As technology continues to dictate and speed up the rate of obsolescence, e-waste recycling will become a more important and growing industry.
E-Waste Recycling: Repair, refurbish, reuse and repurpose electronic devices instead of throwing them away.
When we think about the tablet and phone trade-in events from recent years we often think about the sheer number of people getting new electronic devices, but we don’t talk much about what happens to all those trade-ins, let alone the number of electronic devices discarded because they broke, became obsolete, were lost, etc. These no-longer-wanted or unusable electronic devices are referred to as “e-waste.”
What is E-Waste Recycling?
E-waste is any type of electronic device or equipment that’s reached the end of its useful life, for whatever reason. It includes discarded computers, televisions, VCRs, stereos, radios, copiers, fax machines, tablets, smartphones, telephones (of any kind), and so on. Though these items have been discarded, many still work or can be repaired, refurbished, reused or recycled in order to make other products.
The sheer and ever-growing volume of electronic waste has even created a recycling segment known as e-waste recycling, which includes all of the ways electronics can be reused or repurposed. As technology continues to dictate and speed up the rate of obsolescence, more and more electronics will either be thrown away, accumulating in landfills (sometimes with harmful effects to the environment or people) or recycled.
Why is Electronic Waste Recycling So Important?
To answer the question of why e-Waste Recycling is such an important and fast-growing industry, let’s take a closer look at the statistics. According to data on e-pollution and electronic waste recycling published by electronicstakeback.com and the EPA:
- The average U.S. household spends $1,312 on consumer electronics products every year, and owns 24 devices.
- The release of Apple’s iPad5 generated the single largest surge of tablet trade-ins ever (as of January 2016 data).
- As of 2010, Americans were trashing or recycling 142,000 computers and more than 416,000 mobile devices every day.
- In 2013, Americans generated 3.14 million tons of e-waste in the U.S., of which only 1 million tons (40%) was recycled – the remainder ended up in landfills or incinerators.
- Recycling one million laptops saves the energy equivalent of the electricity used by 3,657 U.S. homes in one year (EPA.gov); and,
- For every million cell phones recycled, 35 thousand pounds of copper, 772 pounds of silver, 75 pounds of gold and 33 pounds of palladium can be recovered.
- The percentage of e-waste being recycled is increasing exponentially every year, growing from 10 percent in 2000 to 40.4% in 2013.
- The amount of e-waste is expected to grow (globally) from 41.9 metric tons in 2014 to 49.8 metric tons in 2018, 4-5% annually.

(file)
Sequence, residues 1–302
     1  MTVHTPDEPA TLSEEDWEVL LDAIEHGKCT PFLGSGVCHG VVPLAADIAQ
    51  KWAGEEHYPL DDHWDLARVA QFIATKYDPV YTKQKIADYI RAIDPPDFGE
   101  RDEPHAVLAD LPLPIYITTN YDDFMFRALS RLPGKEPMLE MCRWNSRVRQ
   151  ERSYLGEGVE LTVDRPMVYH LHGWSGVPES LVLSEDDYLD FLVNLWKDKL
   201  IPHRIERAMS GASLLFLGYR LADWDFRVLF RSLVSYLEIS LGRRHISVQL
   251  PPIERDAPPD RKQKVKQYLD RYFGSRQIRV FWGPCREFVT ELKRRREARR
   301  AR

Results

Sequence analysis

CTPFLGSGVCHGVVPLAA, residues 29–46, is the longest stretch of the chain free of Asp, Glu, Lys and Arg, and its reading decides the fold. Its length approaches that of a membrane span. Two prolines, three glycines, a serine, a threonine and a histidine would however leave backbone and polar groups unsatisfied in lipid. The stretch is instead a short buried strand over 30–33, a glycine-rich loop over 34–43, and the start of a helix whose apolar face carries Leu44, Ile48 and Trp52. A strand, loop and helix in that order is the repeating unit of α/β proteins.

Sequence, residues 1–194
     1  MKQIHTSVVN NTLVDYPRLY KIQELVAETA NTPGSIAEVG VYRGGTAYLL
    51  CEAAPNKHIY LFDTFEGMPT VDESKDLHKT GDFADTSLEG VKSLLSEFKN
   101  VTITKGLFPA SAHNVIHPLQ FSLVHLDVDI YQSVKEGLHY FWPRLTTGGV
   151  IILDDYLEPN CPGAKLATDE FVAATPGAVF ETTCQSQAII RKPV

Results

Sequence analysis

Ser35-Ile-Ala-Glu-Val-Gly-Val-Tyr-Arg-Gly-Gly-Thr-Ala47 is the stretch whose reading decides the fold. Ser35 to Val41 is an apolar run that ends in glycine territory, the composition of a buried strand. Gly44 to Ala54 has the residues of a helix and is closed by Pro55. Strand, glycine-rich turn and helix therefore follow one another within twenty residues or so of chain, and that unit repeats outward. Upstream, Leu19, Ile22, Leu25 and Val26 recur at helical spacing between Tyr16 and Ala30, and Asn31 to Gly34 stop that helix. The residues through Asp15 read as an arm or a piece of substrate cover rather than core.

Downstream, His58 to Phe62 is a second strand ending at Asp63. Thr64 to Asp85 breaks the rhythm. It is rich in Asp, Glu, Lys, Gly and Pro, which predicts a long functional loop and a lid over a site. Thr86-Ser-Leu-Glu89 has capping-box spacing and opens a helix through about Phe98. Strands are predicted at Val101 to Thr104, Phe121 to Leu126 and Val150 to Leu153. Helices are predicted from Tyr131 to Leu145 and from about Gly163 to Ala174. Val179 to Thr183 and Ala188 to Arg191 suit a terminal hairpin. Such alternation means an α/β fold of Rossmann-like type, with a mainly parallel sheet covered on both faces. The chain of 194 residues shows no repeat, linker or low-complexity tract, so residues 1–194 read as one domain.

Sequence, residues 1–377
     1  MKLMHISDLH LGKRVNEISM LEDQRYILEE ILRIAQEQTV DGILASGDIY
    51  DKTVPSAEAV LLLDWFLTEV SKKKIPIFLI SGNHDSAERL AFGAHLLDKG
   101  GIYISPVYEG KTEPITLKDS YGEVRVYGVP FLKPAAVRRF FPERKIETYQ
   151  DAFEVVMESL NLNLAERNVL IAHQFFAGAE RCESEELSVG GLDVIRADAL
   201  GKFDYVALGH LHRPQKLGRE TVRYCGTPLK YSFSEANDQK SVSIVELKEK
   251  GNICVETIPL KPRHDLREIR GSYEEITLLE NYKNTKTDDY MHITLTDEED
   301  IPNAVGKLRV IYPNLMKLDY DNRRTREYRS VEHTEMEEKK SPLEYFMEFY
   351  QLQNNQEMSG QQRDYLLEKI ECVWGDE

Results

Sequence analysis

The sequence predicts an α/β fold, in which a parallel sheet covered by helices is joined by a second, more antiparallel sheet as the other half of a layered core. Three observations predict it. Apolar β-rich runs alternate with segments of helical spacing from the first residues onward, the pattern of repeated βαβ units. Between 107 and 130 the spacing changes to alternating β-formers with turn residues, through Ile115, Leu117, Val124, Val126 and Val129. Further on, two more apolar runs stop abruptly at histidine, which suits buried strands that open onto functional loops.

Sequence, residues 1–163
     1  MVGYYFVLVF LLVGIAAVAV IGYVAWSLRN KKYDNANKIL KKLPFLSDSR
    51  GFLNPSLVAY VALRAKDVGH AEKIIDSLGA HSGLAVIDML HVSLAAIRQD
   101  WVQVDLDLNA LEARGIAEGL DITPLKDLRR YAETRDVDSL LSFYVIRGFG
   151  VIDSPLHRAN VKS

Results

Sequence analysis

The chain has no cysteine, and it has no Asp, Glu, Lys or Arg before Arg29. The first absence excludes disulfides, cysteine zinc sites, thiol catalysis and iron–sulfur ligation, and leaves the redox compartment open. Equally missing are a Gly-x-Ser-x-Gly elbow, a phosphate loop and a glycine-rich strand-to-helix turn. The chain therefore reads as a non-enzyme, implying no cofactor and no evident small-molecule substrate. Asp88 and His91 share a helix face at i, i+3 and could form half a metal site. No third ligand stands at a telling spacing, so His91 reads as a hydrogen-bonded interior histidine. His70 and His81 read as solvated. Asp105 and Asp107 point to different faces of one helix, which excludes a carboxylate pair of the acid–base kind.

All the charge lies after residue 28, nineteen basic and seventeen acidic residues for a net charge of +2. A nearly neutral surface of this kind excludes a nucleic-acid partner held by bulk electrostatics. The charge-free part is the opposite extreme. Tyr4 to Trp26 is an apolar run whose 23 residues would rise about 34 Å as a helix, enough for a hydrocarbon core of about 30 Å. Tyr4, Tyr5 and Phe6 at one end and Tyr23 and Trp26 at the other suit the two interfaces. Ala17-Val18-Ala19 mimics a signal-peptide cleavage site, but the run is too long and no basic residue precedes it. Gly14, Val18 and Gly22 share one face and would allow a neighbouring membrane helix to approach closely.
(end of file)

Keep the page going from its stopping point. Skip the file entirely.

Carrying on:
Obviously, electronic waste recycling is a big business, and one that will only grow as obsolescence rates for many different types of electronics continue to speed up with technology advances. IBISWorld.com estimates that this $8 billion industry will grow at an annual rate of 5.2% from 2011-2016. This industry employs more than 40,000 people and includes nearly 5,000 different organizations. Here are four reasons that you should make e-Recycling a priority both personally and professionally.
1. Sheer Volume
More than 20 million tons of e-waste are produced every year. As much as 80% of electronic waste goes out with the trash (according to EPA estimates) while only about 20% is properly recycled.
2. Adverse Effects of e-Pollution
The improper or informal processing of e-waste in developing countries can lead to adverse human health effects and environmental pollution. Electronic scrap components like CPUs (desktop computers) contain potentially harmful components such as lead, cadmium, beryllium, or brominated flame retardants.
3. Needless Waste
E-Waste Recycling recovers valuable materials from old electronics that can be used to make new products. As a result, we save energy, reduce pollution, reduce greenhouse gas emissions, and save resources by extracting fewer raw materials from the earth.
4. Convenient Solutions
At least 25 U.S. states have passed legislation mandating statewide electronics waste recycling. Several others are working on passing new laws or improving existing laws. 65% of the population of the U.S. is now covered by a state e-Waste Recycling law of some kind.
All e-Waste Recycling laws except for those in California and Utah use the Producer Responsibility approach (manufacturers must pay for recycling). In some cases, consumers are even required to pay toward the cost of e-Waste Recycling when purchasing a new electronic product.
As a result, there are electronics recycling drop off stations located throughout the United States. In addition, many electronics retailers (Best Buy, Staples, Dell, LG, Samsung, Sprint, and others) also offer incentives, hold events, and provide mail-in electronic recycling options. To find a recycling drop-off location near you, click on your state in E-cycling Central’s interactive map.
E-Waste On the Rise – E-Waste Recycling Industry Infographic